Stipp: And I know that at the gas pump we've seen some moderation in prices. Are we seeing that there is a significant pullback on the refined products?
Johnson: You can look at a couple of different surveys. The one that everybody can look at every day is the AAA gas price survey, which anybody can get online, and that's gone from high of $3.98 just a month and a half ago to this morning when I looked, it was at $3.61 a gallon. So, that's roughly a 10% decline in a month and a half, and that's a healthy decline. Now we are still above where we were a year ago by a considerable margin, but it's backed way off to the point where maybe I think it will help the consumer.
Stipp: And it's not just the current data that have indicated some moderation in inflation. You also look at some forward-looking measures of where prices might go, and those are also seeming to indicate that inflation might be leveling off here.
Johnson: Yes. Our consumer team has done some great work that correlates the changes in the Producer Price Index--the earliest stage, the raw crude goods stage--and then compares that to what happens to the CPI later. And their correlation suggests that food inflation will peak by July or August at the latest, and then after that, prices will begin to move back down.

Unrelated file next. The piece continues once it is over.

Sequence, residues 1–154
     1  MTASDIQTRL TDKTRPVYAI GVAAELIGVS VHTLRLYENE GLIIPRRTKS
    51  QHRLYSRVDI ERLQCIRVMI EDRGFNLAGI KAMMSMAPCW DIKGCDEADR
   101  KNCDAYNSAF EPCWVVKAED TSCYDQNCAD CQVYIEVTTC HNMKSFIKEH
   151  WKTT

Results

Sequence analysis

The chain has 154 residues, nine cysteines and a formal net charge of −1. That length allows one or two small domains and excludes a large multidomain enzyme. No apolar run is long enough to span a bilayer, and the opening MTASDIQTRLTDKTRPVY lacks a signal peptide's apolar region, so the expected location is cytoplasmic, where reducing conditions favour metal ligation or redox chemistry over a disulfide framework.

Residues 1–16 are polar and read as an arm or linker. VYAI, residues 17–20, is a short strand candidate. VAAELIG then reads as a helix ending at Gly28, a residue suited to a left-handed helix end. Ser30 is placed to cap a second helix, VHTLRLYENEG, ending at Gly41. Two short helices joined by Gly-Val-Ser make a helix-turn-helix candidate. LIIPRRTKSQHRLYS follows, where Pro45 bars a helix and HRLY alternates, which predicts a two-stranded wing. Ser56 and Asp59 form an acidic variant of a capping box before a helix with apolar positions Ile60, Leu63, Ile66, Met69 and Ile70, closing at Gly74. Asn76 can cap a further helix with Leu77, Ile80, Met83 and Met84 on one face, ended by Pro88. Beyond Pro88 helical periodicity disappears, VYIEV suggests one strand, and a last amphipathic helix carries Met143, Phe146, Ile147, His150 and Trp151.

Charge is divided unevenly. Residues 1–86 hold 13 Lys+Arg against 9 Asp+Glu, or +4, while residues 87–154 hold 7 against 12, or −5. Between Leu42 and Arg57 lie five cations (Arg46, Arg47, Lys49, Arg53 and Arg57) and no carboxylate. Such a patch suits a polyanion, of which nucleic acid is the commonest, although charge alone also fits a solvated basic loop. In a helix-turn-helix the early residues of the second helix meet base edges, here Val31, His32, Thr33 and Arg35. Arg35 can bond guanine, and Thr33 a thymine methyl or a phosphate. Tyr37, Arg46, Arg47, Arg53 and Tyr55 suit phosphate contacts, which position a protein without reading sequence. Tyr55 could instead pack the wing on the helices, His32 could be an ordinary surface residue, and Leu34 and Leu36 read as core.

And one of the things that their work indicates--and this is something I didn't realize--when we look at raw food prices for the last three months as a trend is minus 10, minus 7, minus 7. So, those numbers are going to begin to work their way through the system--and just like the increases took awhile to work on the way up, they are going to take awhile to work their way through, but it is something that's out there. So, that's one of them.